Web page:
Here’s what happened. Grenada became independent in 1974, and the first prime minister was Sir Eric Gairy, the head of a party called the Grenada United Labor party. In 1976, there was an election, which the United Labor Party won. There were allegations of election fraud, and another party, the New Joint Endeavor for Welfare, Education, and Liberation (“New JEWEL movement”), a Marxist/Communist party headed by a guy named Maurice Bishop made it their goal to get rid of United Labor.
There were a lot of confrontations. The police would regularly disrupt New JEWEL meetings and demonstrations and beat and arrest their leadership. There was a special police force called the “Special Reserve Police”, nicknamed “the Mongooses” who the government specifically used for disrupting demonstrations and harassing the opposition.
Things continue like this for the remainder of the '70s, with increasing demonstrations against Gairy and increased suppression by the government, and then in '79, Gairy goes overseas on a diplomatic trip, and there’s the rumor that the Mongooses were planning assassinate the JEWEL leadership while Gairy was gone.
In response to that, JEWEL decides its time to act. They attack the radio station and the barracks, and seize control of each, and arrest the government ministers. Bishop becomes the new PM. He then goes on to suspend the Constitution, outlaw all other political parties, and arrest his political opponents, including the Grenada Rastafarians. He also started taking aid from Cuba and the Soviet Union and started making plans to expand Grenada’s airport, which was, up to that point, a pretty pitiful thing, and he set up the People’s Revolutionary Army, headed by a guy named Hudson Austin, and supplied and trained by the Soviet Union and Cuba. Education programs and social spending were also increased, and Cuban aid helped with that too, and Cuban labor was used to start to build the airport.
Things went on for a while like that until 1983, when a split developed in the New JEWEL leadership. Bishop, the Prime Minister, wanted to try to improve relationships with the US, both because he was afraid that if the US got too angry it would intervene, and also because he wanted to counter the influence of the other faction, led by Deputy Prime Minister Bernard Courd, who had the backing of the People’s Revolutionary Army, and wanted to accept even more aid from Cuba and the Soviets and “speed up” Granada’s move to Communism.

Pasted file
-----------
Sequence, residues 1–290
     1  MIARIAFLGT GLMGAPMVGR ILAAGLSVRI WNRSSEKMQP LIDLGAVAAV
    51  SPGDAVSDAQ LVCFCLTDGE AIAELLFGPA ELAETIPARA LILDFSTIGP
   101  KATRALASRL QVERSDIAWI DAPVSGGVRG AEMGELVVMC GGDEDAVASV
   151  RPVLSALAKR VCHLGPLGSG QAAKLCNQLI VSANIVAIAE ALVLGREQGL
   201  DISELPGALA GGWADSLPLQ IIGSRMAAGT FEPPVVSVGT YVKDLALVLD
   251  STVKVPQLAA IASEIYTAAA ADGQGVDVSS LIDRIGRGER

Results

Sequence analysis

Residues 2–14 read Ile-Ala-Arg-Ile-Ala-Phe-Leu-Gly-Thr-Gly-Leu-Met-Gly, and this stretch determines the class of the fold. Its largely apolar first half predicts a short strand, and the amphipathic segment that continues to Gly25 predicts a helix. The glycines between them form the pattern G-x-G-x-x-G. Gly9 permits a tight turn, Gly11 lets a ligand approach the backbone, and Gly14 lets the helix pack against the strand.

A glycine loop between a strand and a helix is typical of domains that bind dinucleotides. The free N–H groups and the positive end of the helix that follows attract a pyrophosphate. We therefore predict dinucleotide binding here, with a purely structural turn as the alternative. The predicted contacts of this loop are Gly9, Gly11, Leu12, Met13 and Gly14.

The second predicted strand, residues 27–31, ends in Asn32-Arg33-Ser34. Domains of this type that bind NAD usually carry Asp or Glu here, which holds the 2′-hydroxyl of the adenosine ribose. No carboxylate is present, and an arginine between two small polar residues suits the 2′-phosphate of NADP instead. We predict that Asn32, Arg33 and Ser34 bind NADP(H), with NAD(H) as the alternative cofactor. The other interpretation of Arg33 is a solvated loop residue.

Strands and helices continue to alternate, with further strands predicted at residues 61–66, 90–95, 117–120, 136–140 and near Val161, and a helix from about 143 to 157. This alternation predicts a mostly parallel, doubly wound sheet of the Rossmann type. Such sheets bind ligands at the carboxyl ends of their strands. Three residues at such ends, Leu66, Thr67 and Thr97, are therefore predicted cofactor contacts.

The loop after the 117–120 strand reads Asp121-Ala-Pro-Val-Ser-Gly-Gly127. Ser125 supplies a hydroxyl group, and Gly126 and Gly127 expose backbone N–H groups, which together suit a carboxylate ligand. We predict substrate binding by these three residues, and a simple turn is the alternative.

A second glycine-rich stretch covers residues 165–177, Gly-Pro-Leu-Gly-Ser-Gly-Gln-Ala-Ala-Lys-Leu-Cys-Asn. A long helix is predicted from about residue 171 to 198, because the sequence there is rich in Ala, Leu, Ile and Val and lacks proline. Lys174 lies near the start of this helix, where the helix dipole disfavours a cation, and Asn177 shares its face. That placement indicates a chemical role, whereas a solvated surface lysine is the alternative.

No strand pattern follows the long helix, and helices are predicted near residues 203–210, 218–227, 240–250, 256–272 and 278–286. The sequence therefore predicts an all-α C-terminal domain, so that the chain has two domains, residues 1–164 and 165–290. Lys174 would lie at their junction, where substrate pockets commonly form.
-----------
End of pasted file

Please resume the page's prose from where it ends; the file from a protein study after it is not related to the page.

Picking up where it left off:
On October 13, 1983, things between Bishop and Courd came to a head. Bishop ordered Courd to step down, and Courd responded by placing Bishop under house arrest and arresting his ministers. Over the course of the next week, there were street demonstrations by pro-Bishop forces, and on October 19th, Bishop’s foreign minister, who had escaped arrest because he had been in New York at the United Nations, came back and made a speech that inspired the crowd to free Bishop. Then the crowd, led by the Foreign Minister, went to Ford Rupport, a PRA base, to free the other government ministers imprisoned there. The army fired on the crowd, killing about 100 people, and rearresting Bishop and the ministers, including three influential supporters of Bishop. The Labour Minister was beaten to death by the Army, and then Bishop, three of his ministers, a union leader and the three Bishop supporters were lined up against a wall and shot.
General Austin then declared martial law, announced he was in control of the country, established a “Military Revolutionary Council”, set up a 24 hour curfew, warning that violators would be shot, and ordered the arrest of Bishop supporters. This went on for about four days, when the US government, along with forces from other Caribbean countries, claiming that the murder of Bishop and the general instability put the lives of ordinary Grenadans and American students at Grenada’s medical school at risk, invaded.
Was invading Grenada the right thing to do? I have no idea, but there’s the background.